What are some life skills that you can impart to your children this time of year?
One Christmas, half of the family had the flu. We opened presents while holding buckets in our laps and rushing periodically to the bathroom to vomit. Our friends, who were bringing half of the meal, wisely canceled joining us for dinner. So, we had a very different Christmas, but we adapted and adjusted our expectations, but definitely an unusual Christmas.
When something goes wrong, let your teen in on the problem solving process. Explain the problem to your teen and brainstorm together ways to turn the challenge into something positive. Look at different options and choose one to work with.
There never seems to be quite enough money at Christmas time, something that many encounter at least a few times in their lives. Teach your teenager the art of stretching money. Look for bargains together at stores and in sales flyers in the paper. What is the wisest buy? When you find a bargain, share it with your teen and how much money that you have saved. I went to Kohl's last week with "Kohl's cash" from the day after Thanksgiving shopping and hit an amazing sale. I also brought a card that had come in the mail that took 15% off the entire bill. With all my "savings," I ended up spending $75.00 and saving $183.00. I was so excited. I took the time to share all the details with my teens so that they will save money in the future and on their own Christmas spending now.
Doing Without & Making it Fun!
Ask your teen to come up with ideas for substitutions when your family has to do without. You may be surprised by their creativity and enjoy their ideas very much! You and your teen will be drawn close together as you brainstorm together.
Christmas is the time when extended families get together with peace and harmony, along with reminiscing about old times and good memories. Well, truthfully, reality is more likely to involve conflict, old wounds uncovered. Stressful moments often come after the weariness of spending lots of money and being tired from extra activities. Peacemaking skills will be used for an entire lifetime.
Help your teen walk out conflict in a biblical way. Use Matthew 18 as a pattern of conflict resolution. Learn to talk things out calmly and lovingly. If you are around the conflict of others, model being a peacemaker for your teens. Your teen can learn to be a peacemaker too!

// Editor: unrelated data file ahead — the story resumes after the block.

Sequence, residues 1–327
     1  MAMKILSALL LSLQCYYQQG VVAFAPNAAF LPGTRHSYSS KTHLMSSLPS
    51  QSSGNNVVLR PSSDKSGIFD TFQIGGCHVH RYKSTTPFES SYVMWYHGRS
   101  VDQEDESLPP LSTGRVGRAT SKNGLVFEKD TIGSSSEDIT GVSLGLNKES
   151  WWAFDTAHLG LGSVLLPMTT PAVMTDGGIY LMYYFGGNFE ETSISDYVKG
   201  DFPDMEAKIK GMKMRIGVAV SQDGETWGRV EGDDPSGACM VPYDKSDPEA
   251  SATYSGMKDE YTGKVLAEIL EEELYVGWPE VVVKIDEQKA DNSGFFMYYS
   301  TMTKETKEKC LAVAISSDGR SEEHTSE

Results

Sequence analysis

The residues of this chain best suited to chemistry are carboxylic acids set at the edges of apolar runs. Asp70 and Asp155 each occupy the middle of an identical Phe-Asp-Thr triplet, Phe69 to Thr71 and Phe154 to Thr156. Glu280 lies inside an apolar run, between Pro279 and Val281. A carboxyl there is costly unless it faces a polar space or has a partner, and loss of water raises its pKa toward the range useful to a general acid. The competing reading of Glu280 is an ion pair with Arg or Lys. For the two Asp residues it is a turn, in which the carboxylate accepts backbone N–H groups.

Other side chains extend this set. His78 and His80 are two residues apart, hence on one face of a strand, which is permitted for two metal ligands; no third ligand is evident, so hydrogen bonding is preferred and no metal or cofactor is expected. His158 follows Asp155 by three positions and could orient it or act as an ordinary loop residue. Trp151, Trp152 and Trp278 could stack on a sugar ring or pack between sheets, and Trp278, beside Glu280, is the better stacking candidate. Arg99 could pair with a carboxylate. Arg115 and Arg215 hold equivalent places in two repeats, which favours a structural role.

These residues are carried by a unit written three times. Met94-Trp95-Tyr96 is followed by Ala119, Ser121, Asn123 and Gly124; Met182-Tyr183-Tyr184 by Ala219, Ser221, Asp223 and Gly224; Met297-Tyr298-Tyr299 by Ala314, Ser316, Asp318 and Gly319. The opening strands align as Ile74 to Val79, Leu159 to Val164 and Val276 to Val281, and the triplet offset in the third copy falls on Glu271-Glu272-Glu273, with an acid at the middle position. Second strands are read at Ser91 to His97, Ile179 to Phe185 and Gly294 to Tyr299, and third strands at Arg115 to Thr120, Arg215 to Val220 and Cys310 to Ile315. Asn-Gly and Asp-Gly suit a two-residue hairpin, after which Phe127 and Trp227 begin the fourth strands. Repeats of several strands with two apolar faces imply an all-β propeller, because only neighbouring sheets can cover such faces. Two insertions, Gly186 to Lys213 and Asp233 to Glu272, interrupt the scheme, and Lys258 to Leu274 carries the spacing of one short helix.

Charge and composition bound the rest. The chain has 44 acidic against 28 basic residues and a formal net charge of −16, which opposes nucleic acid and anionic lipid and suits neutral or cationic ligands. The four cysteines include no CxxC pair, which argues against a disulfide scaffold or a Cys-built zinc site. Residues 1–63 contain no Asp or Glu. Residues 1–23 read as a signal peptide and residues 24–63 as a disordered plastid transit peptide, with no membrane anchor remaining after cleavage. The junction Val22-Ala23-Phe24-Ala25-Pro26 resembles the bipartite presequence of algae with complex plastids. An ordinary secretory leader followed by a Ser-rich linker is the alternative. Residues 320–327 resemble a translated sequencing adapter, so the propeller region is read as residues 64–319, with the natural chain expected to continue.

Diplomacy with Difficult Relatives
"if you would just lose weight, you would be so attractive. You have such a pretty face," a family friend said to me at our church's Christmas Eve service.
"Have you tried Ivory soap? That's what I used when I was a teenager and I never had an acne problem," an aunt said to me when I was a teenager at a holiday dinner.
Thankfully, I had a wonderful mother, who affirmed me and helped me to be polite to those who were insulting without letting their hurtful words damage me.
Along with good manners, talent and kindness are skills that give a person favor with people. If you are like most people, there will be relatives around at Christmas that require extra grace. Learning to be diplomatic will help your teenager to grow up able to get along with difficult of people. Another Christmas life skill to learn!
Responding with Grace to Unpleasant Surprises
The holidays always bring some kind of unpleasant surprises with them. Maybe the oven will catch on fire or Aunt Matilda will show up unexpectedly. Vacation plans may have to be canceled. Respond with grace so that your children learn the right way to respond with a heart that trusts in God and submits to His perfect will. Encourage and pray with them when they feel disappointed! Praise your teens when they respond with grace.
Your job is to equip your teens to grow up to be joyful, productive, healthy adults. Take advantage of every opportunity that presents itself as a life lesson to make this the best learning season in your teenager's life!
Merey (Meredith Ludwig Curtis)